Time Management = Team Work
Another post in our Time Management Series:
Families these days can be busy. It may seem there aren’t enough hours in the day to do all the things your family wants to do. If this is the case with your family, it might help to know that time management equals team work.
To be sure everyone is able to meet the obligations they have, it’s important that the family work together rather than having the parents doing the majority of the work. There’s an old Scottish proverb that says “Many hands make light work because it is but little to everyone.” This means everyone in the family needs to chip in to get necessary household chores done so everyone can benefit.
Here are some other time management ideas to consider when your day is hurried from the time you get up until it’s time to go to bed.
* Make a list of everything your family does on a regular basis (sports practices, band practices, scouting, meetings, religious observances if applicable, volunteering, etc.).
* Transfer those activities onto a master calendar so you can see how busy your schedule is.
* Prioritize which activities are most important and let go of some that may not be as important. Activities that are most important are those things that are non-negotiable: sleeping, working, school, travel time to and from. Next in priority are the things you have to do: eating, taking care of pets, self-care, and chores. Finally, think about the things you’d like to do.
* Remember not to schedule something every minute of the day. This is over scheduling and could ultimately result in family members being burned out to the point of exhaustion. You may want to reserve one day a week for your family to rest and recuperate from the past week before heading full-speed ahead into the next.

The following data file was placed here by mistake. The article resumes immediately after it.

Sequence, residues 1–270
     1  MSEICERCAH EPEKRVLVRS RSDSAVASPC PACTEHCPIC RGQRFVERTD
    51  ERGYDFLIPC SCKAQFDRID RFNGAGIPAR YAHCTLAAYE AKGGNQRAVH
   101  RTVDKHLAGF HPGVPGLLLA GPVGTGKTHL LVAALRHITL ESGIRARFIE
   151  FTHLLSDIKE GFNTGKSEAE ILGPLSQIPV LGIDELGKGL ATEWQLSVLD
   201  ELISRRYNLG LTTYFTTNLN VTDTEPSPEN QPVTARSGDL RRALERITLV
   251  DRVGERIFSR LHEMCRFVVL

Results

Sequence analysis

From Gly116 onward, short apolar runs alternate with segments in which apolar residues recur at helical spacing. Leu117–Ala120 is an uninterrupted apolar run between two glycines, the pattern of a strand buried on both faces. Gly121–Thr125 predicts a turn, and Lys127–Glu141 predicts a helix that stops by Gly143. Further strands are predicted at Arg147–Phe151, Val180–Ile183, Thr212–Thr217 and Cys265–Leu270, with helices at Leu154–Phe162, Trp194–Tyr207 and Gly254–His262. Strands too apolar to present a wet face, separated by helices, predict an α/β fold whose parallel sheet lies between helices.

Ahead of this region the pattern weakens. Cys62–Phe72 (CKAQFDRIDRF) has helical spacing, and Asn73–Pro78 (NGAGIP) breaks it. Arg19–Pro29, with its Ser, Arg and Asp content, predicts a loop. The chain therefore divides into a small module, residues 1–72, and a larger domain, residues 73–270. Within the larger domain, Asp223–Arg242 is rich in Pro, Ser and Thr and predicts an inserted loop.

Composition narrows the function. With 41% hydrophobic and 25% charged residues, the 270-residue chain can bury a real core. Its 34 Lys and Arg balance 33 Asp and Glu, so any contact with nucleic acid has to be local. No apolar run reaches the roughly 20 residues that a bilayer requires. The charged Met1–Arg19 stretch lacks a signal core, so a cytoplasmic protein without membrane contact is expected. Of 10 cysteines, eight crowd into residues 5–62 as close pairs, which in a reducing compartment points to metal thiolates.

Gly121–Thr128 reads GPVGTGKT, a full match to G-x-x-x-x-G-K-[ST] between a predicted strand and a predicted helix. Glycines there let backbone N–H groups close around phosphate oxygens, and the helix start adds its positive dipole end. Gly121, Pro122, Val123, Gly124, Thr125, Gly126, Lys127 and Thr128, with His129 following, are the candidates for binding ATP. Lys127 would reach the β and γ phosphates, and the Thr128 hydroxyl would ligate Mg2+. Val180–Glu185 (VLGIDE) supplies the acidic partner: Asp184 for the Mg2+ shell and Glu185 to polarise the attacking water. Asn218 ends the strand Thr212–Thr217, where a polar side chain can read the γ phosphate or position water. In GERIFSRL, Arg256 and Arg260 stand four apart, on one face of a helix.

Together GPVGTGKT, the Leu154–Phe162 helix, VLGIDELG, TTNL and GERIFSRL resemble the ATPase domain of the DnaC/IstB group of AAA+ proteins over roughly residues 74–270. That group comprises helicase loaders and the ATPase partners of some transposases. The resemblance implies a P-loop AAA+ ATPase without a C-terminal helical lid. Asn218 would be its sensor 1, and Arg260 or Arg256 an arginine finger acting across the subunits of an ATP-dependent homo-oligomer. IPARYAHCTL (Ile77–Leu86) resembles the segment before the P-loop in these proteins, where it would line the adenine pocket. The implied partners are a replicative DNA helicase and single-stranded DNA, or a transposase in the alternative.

Now that you know what your priorities are, you’ll be better equipped to ensure everyone knows what’s expected of them and when. Don’t expect to have the entire time management system worked out and running smoothly right from the start. It will take practice until the family is comfortable working together so it might be best to keep expectations low.
Teaching your children to become responsible adults, including learning how to do household chores, may not be the easiest thing you do. However, you’re training them to take care of their own belongings, respect and care for the belongings of others, and support one another. You want them to learn to put others ahead of themselves and to be able to work together for the good of the entire family.
Create a chore chart which shows what everyone is expected to do to help out. If a family chore chart is too confusing, create a chart for each person in the family or prepare “to do” lists for each person. Having these physical charts allow each one to know what to do and ensures that everyone is pitching in.
Remind everyone that the quicker you get done with what needs to be done, the sooner you’ll be able to get to each activity so each person can start enjoying their time. When it comes to family dynamics and getting to places on time, time management equals team work, and vice versa.
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